The Summer Fieldwork Season II – The wilds of the Knersvlakte, Western Cape, South Africa

Teresa Steele is an Associate Professor in Department of Anthropology at the University of California, Davis, currently on sabbatical in the Department of Human Evolution at the Max Planck Institute for Evolutionary Anthropology in Leipzig, Germany. She is a member of the Editorial Board for Open Quaternary. She has research interests in modern human origins and zooarchaeology and field projects in France, Morocco, and South Africa. In this week’s post, she provides insights into her archaeological fieldwork in South Africa in 2014. This is her first ever blog post.

The ancestors of everyone living today came from Africa, but “Africa” is a big place, over 30 million square kilometers, so where did these ancestral populations live? How did they make their living? When did some of them leave Africa to populate the rest of the world? How did they support this expansion? And most importantly, WHY? These are the questions that keep me up at night – me and other paleoanthropologists studying modern human origins.

Figure 1. Trees lining the Varsche River, South Africa.  Photo credit: Theresa Steele.

Figure 1. Trees lining the Varsche River, South Africa. Photo credit: SNAP.

I am leading the Southern Namaqualand Archaeological Project (SNAP) with Dr. Alex Mackay (University of Wollongong) in the Western Cape of South Africa. The project is based along the Varsche River in the Knersvlakte [map], the quartz-gravel desert (whose name translates to gnashing, or grinding) is so named (as the story goes) because of the crunching sound carriage wheels made going over it (Figure 1). The region is part of the Succulent Karoo ecoregion, after its tiny succulent plants,  but it also preserves records of the past. Patches of the landscape are littered with stone artifacts, providing evidence of human activity deep in the past, when stone was the primary source of our technology and when the Knersvlakte provided more resources than today.

South Africa has benefited from a long history of archaeological research, and the southern and western coasts are well-known for their Late Pleistocene archaeological deposits including Klasies River, Blombos Cave, and Pinnacle Point. These sites have provided key data and fueled discussions about modern human origins.  The sites include early evidence for advanced technology and symbolism in the form of beads and engraved ochre, some of which is well documented by the TRACSYMBOLS project. Researchers, including Curtis Marean of Arizona State University, have argued that this region provided just the right mix of rich marine resources along with nutritious plant resources (in the form of geophytes) to promote the evolution of modern humans. Others, including Richard Klein of Stanford University, have argued that the record of human behavior from 250,000-50,000 (the Middle Stone Age) is less complex than the more recent Later Stone Age and Upper Paleolithic (which began 50,000–40,000 years ago). To better address these issues, we need a better understanding of the range of variation in Middle Stone Age behavior and especially how technology, subsistence, and demography varied with environmental context. In short, we need more sites from difference environmental contexts so that we can test these models of modern human origins.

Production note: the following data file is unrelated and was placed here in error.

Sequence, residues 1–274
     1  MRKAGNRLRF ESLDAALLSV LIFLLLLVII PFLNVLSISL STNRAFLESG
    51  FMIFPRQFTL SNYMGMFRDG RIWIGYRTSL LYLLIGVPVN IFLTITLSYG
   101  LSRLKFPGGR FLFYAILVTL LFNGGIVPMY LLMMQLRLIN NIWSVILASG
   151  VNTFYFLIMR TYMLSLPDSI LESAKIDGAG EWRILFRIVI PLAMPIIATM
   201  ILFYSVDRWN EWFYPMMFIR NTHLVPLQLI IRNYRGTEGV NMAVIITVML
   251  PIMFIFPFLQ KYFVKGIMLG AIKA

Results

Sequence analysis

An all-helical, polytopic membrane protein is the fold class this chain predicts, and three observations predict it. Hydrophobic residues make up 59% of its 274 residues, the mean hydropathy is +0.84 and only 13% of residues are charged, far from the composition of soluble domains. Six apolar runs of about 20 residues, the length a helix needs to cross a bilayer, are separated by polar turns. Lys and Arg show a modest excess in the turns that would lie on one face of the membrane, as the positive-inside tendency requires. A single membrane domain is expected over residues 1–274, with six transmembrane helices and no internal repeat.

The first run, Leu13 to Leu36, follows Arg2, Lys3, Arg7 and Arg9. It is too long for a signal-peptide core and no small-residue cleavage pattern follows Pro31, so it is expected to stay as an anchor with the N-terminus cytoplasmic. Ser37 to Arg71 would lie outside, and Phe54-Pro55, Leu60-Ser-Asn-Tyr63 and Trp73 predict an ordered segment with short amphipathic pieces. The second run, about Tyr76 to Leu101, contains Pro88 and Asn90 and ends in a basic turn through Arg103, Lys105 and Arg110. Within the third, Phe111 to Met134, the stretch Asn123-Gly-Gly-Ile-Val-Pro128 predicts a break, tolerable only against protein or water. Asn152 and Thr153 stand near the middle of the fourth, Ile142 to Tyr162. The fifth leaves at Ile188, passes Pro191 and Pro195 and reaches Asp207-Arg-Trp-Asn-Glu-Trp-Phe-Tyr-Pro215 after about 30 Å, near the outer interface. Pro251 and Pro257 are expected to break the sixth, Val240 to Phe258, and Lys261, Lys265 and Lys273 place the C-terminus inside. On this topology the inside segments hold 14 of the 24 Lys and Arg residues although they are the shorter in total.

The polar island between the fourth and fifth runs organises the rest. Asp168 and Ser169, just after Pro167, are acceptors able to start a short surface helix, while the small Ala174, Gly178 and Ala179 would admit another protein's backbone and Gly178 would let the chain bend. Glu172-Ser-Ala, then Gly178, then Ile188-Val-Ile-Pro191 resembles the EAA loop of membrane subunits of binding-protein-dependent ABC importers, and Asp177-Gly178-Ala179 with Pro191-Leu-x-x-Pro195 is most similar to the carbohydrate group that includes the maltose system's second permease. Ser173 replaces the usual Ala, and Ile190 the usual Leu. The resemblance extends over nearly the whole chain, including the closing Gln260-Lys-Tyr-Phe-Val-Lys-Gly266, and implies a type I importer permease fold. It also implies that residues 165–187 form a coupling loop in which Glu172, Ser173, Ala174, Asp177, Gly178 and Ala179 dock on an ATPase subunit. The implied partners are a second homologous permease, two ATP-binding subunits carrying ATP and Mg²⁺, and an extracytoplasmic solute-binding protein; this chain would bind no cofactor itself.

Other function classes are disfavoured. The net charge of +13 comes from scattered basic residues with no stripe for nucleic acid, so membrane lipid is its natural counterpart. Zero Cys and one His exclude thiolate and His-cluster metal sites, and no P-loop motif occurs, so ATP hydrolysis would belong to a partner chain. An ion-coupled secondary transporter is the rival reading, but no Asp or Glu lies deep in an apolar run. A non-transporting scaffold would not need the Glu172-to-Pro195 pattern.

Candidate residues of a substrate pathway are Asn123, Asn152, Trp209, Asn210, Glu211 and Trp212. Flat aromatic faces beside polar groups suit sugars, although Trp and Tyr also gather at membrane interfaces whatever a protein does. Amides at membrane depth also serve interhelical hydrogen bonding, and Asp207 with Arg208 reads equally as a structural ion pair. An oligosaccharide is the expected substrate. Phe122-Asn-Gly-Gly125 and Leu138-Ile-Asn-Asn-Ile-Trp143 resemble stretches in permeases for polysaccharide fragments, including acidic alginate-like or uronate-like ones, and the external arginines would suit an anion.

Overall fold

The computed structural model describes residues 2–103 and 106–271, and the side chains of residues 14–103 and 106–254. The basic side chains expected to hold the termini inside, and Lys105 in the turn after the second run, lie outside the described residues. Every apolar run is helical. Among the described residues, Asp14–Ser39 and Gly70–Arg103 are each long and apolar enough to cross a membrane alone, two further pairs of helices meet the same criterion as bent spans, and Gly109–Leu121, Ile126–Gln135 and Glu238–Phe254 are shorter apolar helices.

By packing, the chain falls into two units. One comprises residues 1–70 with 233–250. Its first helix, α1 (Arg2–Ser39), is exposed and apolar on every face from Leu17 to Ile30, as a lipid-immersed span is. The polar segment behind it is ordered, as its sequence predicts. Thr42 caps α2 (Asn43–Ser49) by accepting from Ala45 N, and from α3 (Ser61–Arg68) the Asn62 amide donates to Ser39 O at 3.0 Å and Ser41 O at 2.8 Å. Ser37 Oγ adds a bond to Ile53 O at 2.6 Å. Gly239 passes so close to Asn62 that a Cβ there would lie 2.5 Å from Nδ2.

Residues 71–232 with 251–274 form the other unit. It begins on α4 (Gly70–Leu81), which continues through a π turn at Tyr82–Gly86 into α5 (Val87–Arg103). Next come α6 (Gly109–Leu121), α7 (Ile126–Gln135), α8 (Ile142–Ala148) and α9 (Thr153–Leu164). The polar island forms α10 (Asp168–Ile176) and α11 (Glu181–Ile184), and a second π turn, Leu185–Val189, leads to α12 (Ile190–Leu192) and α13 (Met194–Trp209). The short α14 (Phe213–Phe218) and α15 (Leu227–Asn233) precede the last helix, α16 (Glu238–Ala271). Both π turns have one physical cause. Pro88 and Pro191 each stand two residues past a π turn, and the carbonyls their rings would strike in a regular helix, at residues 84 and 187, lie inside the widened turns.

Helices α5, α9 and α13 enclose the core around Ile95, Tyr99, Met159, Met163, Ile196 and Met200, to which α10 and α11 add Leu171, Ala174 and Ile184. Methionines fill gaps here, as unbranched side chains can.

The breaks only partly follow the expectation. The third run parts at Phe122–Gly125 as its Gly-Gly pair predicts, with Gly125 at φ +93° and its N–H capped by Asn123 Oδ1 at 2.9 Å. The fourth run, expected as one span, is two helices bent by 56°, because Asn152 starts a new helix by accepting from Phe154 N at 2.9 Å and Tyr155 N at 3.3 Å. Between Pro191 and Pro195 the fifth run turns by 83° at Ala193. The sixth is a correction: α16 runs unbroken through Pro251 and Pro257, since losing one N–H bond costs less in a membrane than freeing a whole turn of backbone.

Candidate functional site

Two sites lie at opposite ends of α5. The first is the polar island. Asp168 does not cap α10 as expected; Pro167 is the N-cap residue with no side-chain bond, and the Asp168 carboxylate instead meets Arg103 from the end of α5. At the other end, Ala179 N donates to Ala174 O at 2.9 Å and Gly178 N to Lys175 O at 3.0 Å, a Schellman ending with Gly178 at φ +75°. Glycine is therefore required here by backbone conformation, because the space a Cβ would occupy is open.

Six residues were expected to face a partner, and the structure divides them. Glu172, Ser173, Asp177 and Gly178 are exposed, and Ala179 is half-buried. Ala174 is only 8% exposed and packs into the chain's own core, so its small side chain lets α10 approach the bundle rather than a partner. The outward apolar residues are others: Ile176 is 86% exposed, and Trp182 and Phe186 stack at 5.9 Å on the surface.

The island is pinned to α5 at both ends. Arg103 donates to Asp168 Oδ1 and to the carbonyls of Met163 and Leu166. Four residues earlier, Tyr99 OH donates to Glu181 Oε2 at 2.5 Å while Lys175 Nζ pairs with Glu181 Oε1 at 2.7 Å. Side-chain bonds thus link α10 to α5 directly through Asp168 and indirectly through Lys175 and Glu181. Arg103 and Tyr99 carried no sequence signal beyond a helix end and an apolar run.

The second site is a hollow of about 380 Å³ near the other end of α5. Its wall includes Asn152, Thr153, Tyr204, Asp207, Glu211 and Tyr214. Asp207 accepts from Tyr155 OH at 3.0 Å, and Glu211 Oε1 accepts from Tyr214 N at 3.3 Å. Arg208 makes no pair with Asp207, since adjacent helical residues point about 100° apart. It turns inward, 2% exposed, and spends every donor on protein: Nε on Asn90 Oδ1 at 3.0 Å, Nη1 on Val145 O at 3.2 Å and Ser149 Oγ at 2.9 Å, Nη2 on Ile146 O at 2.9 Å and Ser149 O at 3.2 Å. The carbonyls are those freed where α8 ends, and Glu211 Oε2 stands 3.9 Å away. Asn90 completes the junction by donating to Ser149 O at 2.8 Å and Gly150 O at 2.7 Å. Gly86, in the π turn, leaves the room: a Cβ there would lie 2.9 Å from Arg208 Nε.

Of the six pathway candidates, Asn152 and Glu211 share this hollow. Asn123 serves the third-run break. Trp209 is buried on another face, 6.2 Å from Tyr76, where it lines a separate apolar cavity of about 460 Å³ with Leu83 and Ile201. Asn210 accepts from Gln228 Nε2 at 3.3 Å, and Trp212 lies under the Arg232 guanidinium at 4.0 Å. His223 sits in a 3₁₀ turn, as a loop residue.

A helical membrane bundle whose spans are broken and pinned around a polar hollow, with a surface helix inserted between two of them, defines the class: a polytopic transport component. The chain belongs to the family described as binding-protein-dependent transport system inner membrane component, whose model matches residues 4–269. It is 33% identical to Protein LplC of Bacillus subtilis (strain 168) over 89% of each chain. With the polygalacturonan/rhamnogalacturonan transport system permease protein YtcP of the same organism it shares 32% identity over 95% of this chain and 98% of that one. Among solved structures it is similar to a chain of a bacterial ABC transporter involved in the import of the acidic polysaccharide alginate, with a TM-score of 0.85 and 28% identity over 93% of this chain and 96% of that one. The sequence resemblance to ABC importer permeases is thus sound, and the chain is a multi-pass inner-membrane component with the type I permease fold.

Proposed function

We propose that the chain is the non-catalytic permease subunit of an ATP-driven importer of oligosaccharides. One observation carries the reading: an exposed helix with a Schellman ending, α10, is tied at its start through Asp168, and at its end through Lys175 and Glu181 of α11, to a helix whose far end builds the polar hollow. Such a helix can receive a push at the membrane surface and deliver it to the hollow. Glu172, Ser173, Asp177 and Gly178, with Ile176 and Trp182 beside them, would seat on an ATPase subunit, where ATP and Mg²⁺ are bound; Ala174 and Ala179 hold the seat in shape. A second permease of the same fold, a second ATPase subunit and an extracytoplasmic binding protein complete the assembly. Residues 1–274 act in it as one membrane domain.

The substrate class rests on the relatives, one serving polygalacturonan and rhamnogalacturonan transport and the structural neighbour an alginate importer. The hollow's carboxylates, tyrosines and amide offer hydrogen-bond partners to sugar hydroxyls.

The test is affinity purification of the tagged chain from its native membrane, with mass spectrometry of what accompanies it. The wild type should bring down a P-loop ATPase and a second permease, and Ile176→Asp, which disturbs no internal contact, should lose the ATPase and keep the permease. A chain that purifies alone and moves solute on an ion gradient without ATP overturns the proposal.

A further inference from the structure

Figure 2.  Lithics scattered on the landscape.  Photo credit: Theresa Steele

Figure 2. Middle stone age lithics scattered on the landscape. Photo credit: SNAP

One of the most common questions I am asked as an archaeologist is: “How do you know where to dig?” The decision about where to dig is influenced by research design, local contacts, and luck. Around 2008, I was looking for a new project – ideally, a Middle Stone Age site with faunal preservation outside of the well-studied coastal regions. My colleague Jayson Orton (ASHA Consulting; University of Cape Town; and University of South Africa) from my then current South African project (Ysterfontein 1, map from Klein et al. 2004) was targeting Namaqualand Later Stone Age sites for his dissertation research.  A few years earlier another mutual colleague (Royden Yates) had shown Jayson some shelters along the Varsche River which he had seen while surveying rock art sites.

Figure 3.  Closing up the pit.

Figure 3. Closing up after some great field work, with the team. Photo Credit: SNAP.